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Nov. 10, 2011

Blairís athletic culture gets a required monetary revamping

by Claire Sleigh, Print Managing Sports Editor, Ombudsman and Design Team
People associate many things with Blair - a diverse school culture, strong academics and competitive magnet programs - but probably least of all athletics. We know that our football team doesnít have a winning record and that the boys on cross-country wear short shorts, but we have no comprehensive idea of Blair athletics as a whole.

It is the mission of the new athletic director, Rita Boule, to help foster an inclusive athletic community in the school. By encouraging an overall athletic culture, Boule will help the school grow and define itself as a well-rounded and exciting place to be.

Blair is overly focused on individual teams - we need greater emphasis on athletics as a whole. Combining the sports teamsí budgets, along with other improvements, will foster overall athletic (and Blazer) pride and make it easier for teams to do what they do best: play.

Instead of having each team raise and manage its own money, Boule is going to ask each team to contribute to the general athletic budget. Coaches will then go to Boule with requests for anything from new equipment to buses to and from games. While teams wonít necessarily get back dollar-for-dollar what they put in, they can rest assured that everything that they require will be paid for in a timely manner and that any extra money goes to supporting other sports teams.

Varsity field hockey coach and JV lacrosse coach Christine Denny trusts that Boule will manage the money effectively. "Iím confident that if my team raises more money we will have that money given to us," she said. Denny also stressed that she isnít only thinking about her own team when she predicts the success of the budget changes. "I think it helps the athletic program in general," she said.

Blairís old system of each team operating its own budget didnít fully conform to county regulations. The integration of the budgets, in addition to adhering to country policies, is a win-win for both sides.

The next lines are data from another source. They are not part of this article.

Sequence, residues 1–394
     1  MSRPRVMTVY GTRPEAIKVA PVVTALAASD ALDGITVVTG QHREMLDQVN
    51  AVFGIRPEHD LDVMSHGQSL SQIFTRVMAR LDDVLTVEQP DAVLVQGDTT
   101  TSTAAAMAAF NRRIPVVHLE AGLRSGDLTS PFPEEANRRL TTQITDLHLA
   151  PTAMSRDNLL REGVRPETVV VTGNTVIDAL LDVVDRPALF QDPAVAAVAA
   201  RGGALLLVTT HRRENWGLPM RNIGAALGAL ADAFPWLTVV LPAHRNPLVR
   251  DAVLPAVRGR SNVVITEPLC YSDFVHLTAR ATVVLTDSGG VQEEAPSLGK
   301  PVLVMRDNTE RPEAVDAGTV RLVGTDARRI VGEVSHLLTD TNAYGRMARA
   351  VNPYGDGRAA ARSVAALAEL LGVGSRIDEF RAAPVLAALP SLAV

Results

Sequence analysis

It is Bouleís goal to take some of the pressure off of individual teams - now all that teams have to do is raise a set amount of money with one big fundraiser, or help participate in some of the department fundraisers. It is Bouleís goal to lift the burden of worrying about finances off of the coachesí backs. "I feel like teams did a lot of things on their own," she said about the old system. "Where I want to move is taking some of that off the coaches so they can coach."

Boule also stressed that having a more flexible budget will allow her to prioritize and make sure that all basics are taken care of. "What teams need, thatís what they are going to get. We need our athletes to be safe and prepared," she said, emphasizing that safety is her topmost concern.

Not only will individual teams be able to perform better and more safely, the whole culture of athletes will become tighter-knit with these new measures. "I want student athletes to feel that they are part of something really positive that will prepare them for life," Boule said. "I want them to work with all kinds of student athletes."

Striking the ideal balance between individual teams and central control might take some time, but Boule recognizes that teams needed to be given a large degree of autonomy. "Teams need to do their own thing whena it directly affects the team," she said. However, the point of these new measures is to create some things that can be common to all teams. Most importantly, the wide base of support will help improve play across the board. "To raise the level of all the teams you have to have a unified athletic program," she said.

Boule is supporting these changes by creating a captains-council of all the sports teams, which promotes interaction among teams and will give a strong base in leadership for all the captains. She is also taking measures to encourage teams that arenít in season to support those that are. For example, if the softball and field hockey teams are paired up, softball players will be expected to attend field hockey games, and vice versa.

Boule hopes that Blazers will begin to recognize the strength of the athletic program and will be encouraged by the engaging and unified community. Only a small subset of the school population tries out for teams, especially compared to the numbers that show up to schools that are much smaller than Blair. The new emphasis on athletics will hopefully spur an increase in turnout during tryouts in coming seasons.

The focus on the overall culture will benefit the school. While the success of individual teams will always matter, Blazers will hopefully be able to look toward a unified front of Blair athletics with pride. After all, the whole is bigger than the sum of its parts.



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